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Beverley Paine

Beverley Paine is a pioneering member of the home education movement in Australia. She and her husband Robin are passionate advocates of true educational choice for families. They began homeschooling their children in 1986 and three years later started the South Australian Home Based Learners network.

Beverley wrote Getting Started with Homeschooling in 1995-97 and since then continues to write books and booklets on home education. She balances spending time helping home educators with working in her garden and renovating her home, as well as continuing to build her collection of writing on a variety of homeschooling subjects. Beverley maintains an extensive collection of websites as well as several Yahoo groups supporting families teaching their children at home. In 2007 Beverley joined the Home Education Association (HEA) and became a committee member in 2008: she also edits and produces the HEA Newsletter, HEA magazine, Stepping Stones for Home Educators, annual Resource Directory and other HEA publications. If you’d like to keep in touch with what Beverley is up to her in her life, sign up for the Homeschool Australia Newsletter or visit her Facebook page.

Robin Grille
The original Australian homeschooling manual.

Packed with practical information and examples, this book sets out in detail how to write a learning program tailored for your child’s individual learning needs. Plenty of actual of examples of ways to organise and evaluate lessons, as well as excellent ideas for recording learning at home.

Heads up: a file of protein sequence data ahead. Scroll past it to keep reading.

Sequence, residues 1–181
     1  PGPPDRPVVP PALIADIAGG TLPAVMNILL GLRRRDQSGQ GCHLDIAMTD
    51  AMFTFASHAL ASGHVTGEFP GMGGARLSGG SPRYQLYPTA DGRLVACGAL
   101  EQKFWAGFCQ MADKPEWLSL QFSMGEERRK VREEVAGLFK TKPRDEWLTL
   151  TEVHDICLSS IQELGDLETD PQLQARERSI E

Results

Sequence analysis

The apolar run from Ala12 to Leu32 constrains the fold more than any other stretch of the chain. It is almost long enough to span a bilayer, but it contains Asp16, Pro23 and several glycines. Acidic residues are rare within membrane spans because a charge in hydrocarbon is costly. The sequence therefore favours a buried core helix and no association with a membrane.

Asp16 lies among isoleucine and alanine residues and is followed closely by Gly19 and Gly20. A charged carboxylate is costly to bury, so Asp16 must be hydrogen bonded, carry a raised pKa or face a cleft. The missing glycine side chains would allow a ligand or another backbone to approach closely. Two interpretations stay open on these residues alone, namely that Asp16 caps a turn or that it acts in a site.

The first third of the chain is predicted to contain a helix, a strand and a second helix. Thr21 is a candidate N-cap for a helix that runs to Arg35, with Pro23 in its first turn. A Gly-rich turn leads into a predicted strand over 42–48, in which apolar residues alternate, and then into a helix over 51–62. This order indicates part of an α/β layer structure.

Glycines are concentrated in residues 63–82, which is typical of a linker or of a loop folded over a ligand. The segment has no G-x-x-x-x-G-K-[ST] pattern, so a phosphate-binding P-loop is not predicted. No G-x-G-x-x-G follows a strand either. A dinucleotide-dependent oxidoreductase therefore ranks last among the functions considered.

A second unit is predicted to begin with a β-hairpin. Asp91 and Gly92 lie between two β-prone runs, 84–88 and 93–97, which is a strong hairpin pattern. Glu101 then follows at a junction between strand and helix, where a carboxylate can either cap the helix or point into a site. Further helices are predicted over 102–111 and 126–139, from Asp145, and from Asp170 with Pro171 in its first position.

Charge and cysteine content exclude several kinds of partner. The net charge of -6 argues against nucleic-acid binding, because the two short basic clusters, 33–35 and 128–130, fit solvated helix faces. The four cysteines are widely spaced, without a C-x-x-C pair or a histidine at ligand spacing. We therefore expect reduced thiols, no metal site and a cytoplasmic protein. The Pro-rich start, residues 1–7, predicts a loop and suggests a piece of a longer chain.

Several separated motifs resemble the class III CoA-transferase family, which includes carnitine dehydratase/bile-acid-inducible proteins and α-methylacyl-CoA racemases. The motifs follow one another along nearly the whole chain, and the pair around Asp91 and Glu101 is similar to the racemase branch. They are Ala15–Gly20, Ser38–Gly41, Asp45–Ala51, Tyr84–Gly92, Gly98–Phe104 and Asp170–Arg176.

For more information about this book, please visit

Learning In The Absence of Education

More than 60 essays covering a wide range of home schooling concerns and issues, such as late readers, value of play, socialisation, learning maths, part time school, and thoughts on testing.

An intimate and honest look at day-to-day homeschooling life spanning several years. Includes articles on learning maths, reading and writing, spelling, socialisation, part time schooling, fathers and homeschooling, value of play, grading and testing, coping with stress and illness, and much more.

Unschooling takes ‘education’ out of learning – allowing learning to occur in a natural way, led by interest, passion, need, want, desire, to satisfy some immediate demand or long term goal. Learning becomes personally meaningful to the learner. This doesn’t take the ‘teacher’ or ‘mentor’ out of the picture – home learning, in whatever form it takes, is a family and community affair. Decisions made about learning activities are generally cooperatively decided after consultation and shared brainstorming sessions. Sometimes learning becomes an intensively personal affair; at other times the whole family will pursue an interest together with avid interest.


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